are you "out" to people in your life as a zinester? how do you explainit to people who don't understand?

not really. i bring it up if i want to, if it comes up. i don't always like the different parts of my life to overlap; i can be pretty guarded in my day-to-day life about internal stuff. the only way i can put out writing that means anything at all is by turning off the part of my brain that knows people might read it some day. so i don't always share the zines i make with people in my day to day life, or i might but i do it slowly. i don't really explain it to people, i just either tell them or i don't.

what do you like best about the zine world? what do you like least?

i like the possibility for exchange and growth, i like how personal and intimate zines can be, i like the impulsiveness of zines as a form of art and how they can express and hold things that might not be deemed "important" or polished. i don't like how the zine world, like many punk-related things, can sometimes be almost deliberately inaccessible or closed off, and also unaware of everything else going on around it that's not within its bubble.

do zines play a political role in your life? are you involved in other d.i.y. projects? do they play a political role?

everything exists politically, as well as concretely/emotionally/et cetera, but i wouldn't say zines play a particularly political role in my life. my zines tend to be implicitly rather explicitly political. for me, they're a forum to explore and communicate interconnections between the emotional, personal & political -- except i don't even think those things are easily separable. i'm not sure what counts as a d.i.y. project, exactly, or where to draw the line between d.i.y. & grassroots as terms, but i'd say i'm involved in other d.i.y. projects, including Philly's Pissed (radical organizing & support work around sexual assault) and the Philly Dudes Collective (anti-sexist men's discussion/self-education group). yes, these things play a political role in my life.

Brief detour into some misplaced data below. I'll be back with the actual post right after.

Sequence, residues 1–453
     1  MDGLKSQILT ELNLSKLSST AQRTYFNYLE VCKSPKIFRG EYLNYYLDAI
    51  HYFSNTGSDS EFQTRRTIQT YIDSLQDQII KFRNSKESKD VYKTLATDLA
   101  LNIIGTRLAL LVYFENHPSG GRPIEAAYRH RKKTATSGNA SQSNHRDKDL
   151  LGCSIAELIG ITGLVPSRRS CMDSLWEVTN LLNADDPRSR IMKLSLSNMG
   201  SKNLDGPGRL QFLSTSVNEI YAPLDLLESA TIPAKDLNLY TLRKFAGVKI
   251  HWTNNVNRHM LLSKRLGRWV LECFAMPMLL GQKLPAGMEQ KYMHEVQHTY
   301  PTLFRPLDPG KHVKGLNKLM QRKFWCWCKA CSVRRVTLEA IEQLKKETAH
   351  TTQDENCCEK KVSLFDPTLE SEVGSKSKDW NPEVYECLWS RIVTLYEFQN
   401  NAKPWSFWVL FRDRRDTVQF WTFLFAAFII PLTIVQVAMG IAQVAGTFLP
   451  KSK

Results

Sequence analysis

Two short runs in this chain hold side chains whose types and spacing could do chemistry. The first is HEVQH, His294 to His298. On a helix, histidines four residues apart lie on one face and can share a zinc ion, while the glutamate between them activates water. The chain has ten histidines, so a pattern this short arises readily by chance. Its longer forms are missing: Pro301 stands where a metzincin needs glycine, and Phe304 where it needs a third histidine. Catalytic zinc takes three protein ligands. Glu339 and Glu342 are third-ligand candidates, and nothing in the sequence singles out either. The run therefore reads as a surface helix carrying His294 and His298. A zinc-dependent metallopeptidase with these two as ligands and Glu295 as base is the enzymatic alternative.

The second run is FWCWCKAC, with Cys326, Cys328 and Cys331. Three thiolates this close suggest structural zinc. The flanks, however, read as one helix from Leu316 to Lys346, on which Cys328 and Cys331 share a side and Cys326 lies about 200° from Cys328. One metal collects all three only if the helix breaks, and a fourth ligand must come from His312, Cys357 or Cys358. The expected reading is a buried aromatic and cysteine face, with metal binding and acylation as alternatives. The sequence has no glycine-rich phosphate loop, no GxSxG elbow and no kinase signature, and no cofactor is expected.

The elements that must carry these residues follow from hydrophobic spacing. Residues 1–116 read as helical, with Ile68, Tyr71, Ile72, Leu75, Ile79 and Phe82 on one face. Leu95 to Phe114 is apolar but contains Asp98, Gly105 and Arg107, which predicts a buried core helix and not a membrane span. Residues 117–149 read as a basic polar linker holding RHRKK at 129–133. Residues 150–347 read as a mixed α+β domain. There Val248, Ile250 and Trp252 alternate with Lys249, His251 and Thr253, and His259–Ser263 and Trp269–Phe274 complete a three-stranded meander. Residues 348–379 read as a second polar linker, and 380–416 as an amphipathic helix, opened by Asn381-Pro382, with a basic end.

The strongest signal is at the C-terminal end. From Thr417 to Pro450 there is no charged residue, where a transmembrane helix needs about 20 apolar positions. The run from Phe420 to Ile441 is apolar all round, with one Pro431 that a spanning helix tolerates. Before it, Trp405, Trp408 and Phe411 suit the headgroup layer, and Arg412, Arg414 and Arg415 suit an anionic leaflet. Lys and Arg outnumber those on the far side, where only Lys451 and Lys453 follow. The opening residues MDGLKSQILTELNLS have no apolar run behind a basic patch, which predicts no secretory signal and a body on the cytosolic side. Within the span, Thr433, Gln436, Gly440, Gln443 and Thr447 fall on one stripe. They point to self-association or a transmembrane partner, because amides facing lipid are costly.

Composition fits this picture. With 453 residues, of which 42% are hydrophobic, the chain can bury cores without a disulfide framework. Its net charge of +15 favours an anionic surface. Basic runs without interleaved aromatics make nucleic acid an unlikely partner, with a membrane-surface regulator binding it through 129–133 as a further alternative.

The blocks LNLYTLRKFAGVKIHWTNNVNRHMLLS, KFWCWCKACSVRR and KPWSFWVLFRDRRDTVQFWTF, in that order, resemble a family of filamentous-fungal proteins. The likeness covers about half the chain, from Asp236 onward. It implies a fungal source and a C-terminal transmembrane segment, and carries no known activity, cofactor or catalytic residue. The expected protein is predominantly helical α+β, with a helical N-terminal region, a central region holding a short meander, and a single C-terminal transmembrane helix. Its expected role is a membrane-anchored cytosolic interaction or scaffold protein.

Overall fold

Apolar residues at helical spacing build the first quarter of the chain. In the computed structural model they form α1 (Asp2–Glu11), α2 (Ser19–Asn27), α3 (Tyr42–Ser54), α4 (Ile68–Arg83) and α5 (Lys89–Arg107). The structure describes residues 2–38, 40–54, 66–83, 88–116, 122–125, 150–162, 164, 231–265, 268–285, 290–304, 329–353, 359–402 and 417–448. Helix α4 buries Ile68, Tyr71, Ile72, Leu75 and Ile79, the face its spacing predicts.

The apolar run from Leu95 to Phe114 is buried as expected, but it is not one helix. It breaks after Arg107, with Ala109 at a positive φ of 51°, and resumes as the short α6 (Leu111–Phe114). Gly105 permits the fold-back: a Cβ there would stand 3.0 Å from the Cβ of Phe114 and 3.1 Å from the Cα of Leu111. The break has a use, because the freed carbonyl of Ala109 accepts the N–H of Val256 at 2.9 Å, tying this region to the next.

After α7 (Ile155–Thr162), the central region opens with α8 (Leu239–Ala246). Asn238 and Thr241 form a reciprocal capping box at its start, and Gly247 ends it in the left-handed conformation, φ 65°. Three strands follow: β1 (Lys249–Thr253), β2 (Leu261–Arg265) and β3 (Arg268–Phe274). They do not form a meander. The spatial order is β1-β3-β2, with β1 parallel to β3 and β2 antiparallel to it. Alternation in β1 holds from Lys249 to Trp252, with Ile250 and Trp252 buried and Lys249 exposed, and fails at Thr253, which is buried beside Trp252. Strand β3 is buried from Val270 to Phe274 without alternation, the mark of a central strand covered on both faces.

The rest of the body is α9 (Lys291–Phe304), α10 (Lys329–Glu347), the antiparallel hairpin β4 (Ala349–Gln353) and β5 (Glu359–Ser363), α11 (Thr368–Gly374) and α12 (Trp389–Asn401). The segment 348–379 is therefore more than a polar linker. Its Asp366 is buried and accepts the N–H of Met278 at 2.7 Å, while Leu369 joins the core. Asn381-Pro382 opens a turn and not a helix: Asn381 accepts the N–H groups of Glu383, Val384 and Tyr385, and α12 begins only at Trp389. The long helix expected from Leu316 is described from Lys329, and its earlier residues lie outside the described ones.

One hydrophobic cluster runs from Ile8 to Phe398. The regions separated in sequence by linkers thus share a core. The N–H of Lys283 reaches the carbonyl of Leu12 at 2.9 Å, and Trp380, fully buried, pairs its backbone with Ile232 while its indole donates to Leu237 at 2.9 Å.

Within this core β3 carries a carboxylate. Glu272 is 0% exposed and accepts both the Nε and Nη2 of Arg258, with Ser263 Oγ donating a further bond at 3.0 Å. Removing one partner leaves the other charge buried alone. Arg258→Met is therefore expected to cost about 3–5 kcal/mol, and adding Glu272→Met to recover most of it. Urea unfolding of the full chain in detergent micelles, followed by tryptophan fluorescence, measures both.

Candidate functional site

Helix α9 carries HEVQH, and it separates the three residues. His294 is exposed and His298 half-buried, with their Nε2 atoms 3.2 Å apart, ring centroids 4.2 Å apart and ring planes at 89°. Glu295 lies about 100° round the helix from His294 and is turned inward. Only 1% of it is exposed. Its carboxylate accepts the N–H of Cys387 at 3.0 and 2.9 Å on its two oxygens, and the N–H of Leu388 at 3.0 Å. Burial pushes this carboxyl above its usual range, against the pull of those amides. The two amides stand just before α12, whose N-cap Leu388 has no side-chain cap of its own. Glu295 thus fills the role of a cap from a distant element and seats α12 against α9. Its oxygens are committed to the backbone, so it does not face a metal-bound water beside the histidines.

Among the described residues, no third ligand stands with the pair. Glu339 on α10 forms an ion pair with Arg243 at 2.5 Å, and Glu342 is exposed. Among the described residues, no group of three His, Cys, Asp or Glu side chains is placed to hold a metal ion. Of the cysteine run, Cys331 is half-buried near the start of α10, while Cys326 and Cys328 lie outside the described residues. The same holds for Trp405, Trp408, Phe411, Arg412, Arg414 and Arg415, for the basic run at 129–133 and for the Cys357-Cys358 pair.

what advice might you have for someone who is new to the zine community?

read and listen, write letters, take advantage of the potential for exchange and dialogue. try to get to a zine library and get your hands on some amazing old zines.

what role do you think distros can/should play in the zine community?

i like distros that are closely engaged with the people whose zines they're distributing, and keep control in the hands of the people who make zines, while allowing their creations to get a wider exposure and taking some of the mail burden of their hands.

are there changes you'd like to see in the zine community or your own zine creation?

for a long time i was really hesitant to even make a zine, or more generally, put writing out into the world publicly. now that i've broken out of that a little, my ongoing goal is to write more and put more writing and more projects out into the world. i would like to see the zine community become more dispersed, diverse and engaged with other communities. i would like people to keep making amazing zines about their lives, their stories, politics & visions. one of the things that's potentially really awesome about zines is the opportunity for feedback, dialogue, exchange, and i would always like to see more of that.

on that note, if you want to talk about this stuff or anything else, shoot me an email and we can write paper letters: timot at riseup dot net.

timothy wrote the zines "dad" & "headlock," both available through the distro.